We have just published our latest book which is entitled, Training for the High-End Fight: The Strategic Shift for the 2020s.
“Training for the High-End Fight” highlights the essential strategic shift for the US and allied militaries from land wars in the Middle East to the return of great power competition. The primary challenge of this strategic shift will be the need to operate a full spectrum crisis management force. That means training a force capable of delivering the desired combat and crisis management effect in dealing with 21st century authoritarian powers.
As Admiral Nimitz confronted the last century’s challenges in the Pacific, he concluded a core lesson for this century’s Pacific warriors: “Having confronted the Imperial Japanese Navy’s skill, energy, persistence, and courage, Nimitz identified the key to victory: ‘training, TRAINING and M-O-R-E T-R-A-I-N-I-N-G.’
The U.S. and its core allies are shaping new capabilities to deal with the various threats and challenges affecting XXIst Century global theaters. Flexibility in operations and agility in inserting force with a proper calibration of effect will be enhanced as new systems come online in the years ahead.
But these systems will have the proper effect only in the hands of skilled warriors, who, today, have to face a radical disjuncture from traditional training approaches and thinking in order to address these new types of threats and work towards a seamless common operating picture.
This book looks at the further adaptation and evolution of the U.S. forces in preparing for conflict in a contested environment, variously referred to as the return of Great Power Competition, peer conflict, or the high-end fight. The book is built around what was learned from a number of visits and discussions at warfighting centers in the United States during visits over the past few years, with the bulk of the interviews included in the book coming from visits in 2020. These visits have been to Norfolk, Virginia; Jacksonville and Mayport, Florida; San Diego, California; and Las Vegas and Reno, Nevada.
The book starts by providing a brief overview on the strategic shift and the crafting of the integrated distributed force to be able to deliver effective outcomes for our political leaders.
The book then turns to the two key enablers of the integrated distributed force, namely, C2 and Intelligence, surveillance, and reconnaissance (ISR), and with these terms being redefined in many ways in terms of how the force is evolving them, leveraging them, and transforming them.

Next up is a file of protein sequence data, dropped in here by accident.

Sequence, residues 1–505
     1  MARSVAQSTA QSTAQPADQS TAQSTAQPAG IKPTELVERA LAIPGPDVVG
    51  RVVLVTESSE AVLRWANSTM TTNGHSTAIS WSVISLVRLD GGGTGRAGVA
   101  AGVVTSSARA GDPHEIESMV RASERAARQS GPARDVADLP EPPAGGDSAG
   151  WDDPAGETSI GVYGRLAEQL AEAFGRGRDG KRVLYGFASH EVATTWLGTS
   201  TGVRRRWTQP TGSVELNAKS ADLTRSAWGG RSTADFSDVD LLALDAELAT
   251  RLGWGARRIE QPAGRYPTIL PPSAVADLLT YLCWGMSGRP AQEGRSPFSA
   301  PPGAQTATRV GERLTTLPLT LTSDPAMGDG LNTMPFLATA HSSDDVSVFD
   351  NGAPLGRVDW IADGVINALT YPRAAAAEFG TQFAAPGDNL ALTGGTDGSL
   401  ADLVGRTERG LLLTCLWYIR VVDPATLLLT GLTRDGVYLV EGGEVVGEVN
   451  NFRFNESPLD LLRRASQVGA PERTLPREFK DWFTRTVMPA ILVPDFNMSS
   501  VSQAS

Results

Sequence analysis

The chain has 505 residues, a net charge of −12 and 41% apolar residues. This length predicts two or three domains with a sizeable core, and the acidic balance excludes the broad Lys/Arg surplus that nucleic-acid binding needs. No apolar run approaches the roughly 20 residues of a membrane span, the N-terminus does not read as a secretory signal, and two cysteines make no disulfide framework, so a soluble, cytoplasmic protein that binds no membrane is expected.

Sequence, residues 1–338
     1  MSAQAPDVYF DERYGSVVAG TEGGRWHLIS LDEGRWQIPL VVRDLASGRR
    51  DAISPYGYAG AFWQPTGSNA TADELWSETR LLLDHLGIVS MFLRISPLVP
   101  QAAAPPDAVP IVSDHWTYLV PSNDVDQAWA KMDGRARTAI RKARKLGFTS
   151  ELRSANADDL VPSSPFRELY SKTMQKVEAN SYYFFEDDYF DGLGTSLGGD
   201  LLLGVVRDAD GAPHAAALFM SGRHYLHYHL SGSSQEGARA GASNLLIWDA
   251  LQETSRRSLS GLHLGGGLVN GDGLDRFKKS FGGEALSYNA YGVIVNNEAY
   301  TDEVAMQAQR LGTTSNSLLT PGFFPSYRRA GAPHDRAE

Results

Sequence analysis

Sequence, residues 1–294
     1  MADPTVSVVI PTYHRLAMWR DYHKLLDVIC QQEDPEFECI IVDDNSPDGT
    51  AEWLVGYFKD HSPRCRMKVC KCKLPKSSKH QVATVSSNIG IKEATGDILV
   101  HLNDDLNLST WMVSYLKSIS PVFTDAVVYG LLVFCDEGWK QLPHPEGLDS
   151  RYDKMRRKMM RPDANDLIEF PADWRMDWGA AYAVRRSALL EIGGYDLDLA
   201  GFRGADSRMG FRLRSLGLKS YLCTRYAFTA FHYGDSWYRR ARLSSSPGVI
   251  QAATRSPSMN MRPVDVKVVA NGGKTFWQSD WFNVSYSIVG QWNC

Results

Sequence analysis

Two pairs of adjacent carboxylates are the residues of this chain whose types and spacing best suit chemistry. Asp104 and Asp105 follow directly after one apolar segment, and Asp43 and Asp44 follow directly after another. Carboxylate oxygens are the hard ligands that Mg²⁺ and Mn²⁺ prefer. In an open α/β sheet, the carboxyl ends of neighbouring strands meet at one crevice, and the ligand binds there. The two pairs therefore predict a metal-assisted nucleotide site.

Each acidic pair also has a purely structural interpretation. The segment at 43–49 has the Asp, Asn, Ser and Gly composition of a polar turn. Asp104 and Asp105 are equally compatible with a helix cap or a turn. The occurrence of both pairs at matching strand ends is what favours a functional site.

The setting is then in place to discuss what it means to train for the high-end fight. To train for and execute the capabilities of the high-end fight requires that training and exercises be well funded, and the innovations being generated by the warfighting centers drive force structure development.
The force that is evolving is a very capable one, but the reset in its combat approaches and combat architecture is crucial to enhancing its capabilities to provide for the skill necessary to master the puzzles and challenges of escalation management and to shape the skills needed for the world we are now in.
This reset in combat approach is pivotal to enhancing our escalation management skills and for protecting the liberal democracies against 21st century authoritarian powers. Informed by interviews with officers at a number of U.S. war fighting training centers, readers will discover the future of 21st Century combat, and how our forces are preparing for it.
In his review of the book, this is what Air Marshal (Retired) Geoff Brown, RAAF, had to say:
For the last 20 years high-end training has continued to be a feature of major USN/USMC and USAF exercises.
However the emphasis and the training has always been modified to take account of the operations in Afghanistan and Iraq.
While this was a necessary requirement of the times, it did lead to a stagnation in high-end warfighting concepts as the exercises and training have remained largely unchanged for the last 20 years.
The proliferation of 5th generation technology and the threat posed and encompassed in the cyber and EW domains has continued to evolve rapidly to the point that the latest generation SAMs are not necessarily or even the most significant threats posed to the deployment of Allied Air Power.
The emphasis on operations in the Middle East has meant that the high-end exercises have not evolved as quickly as the technology or the threat.
While the U.S. has continued to develop and deploy leading edge technology for the high-end fight, the training concepts and virtual environments have not necessarily kept pace with the requirements of this new technology.
High quality and realistic training has always been and will continue to be the major determinant in military success.
Training for the High-End Fight is the only recent significant work that looks in detail at this issue.
Robbin Laird uses his significant research over the last seven years and his unprecedented access to USN, USAF and USMC senior warfighters to detail the major shift in thinking that is underway as the U.S. works through the training requirements of Allied Air Power when all the domains are contested by a capable adversary.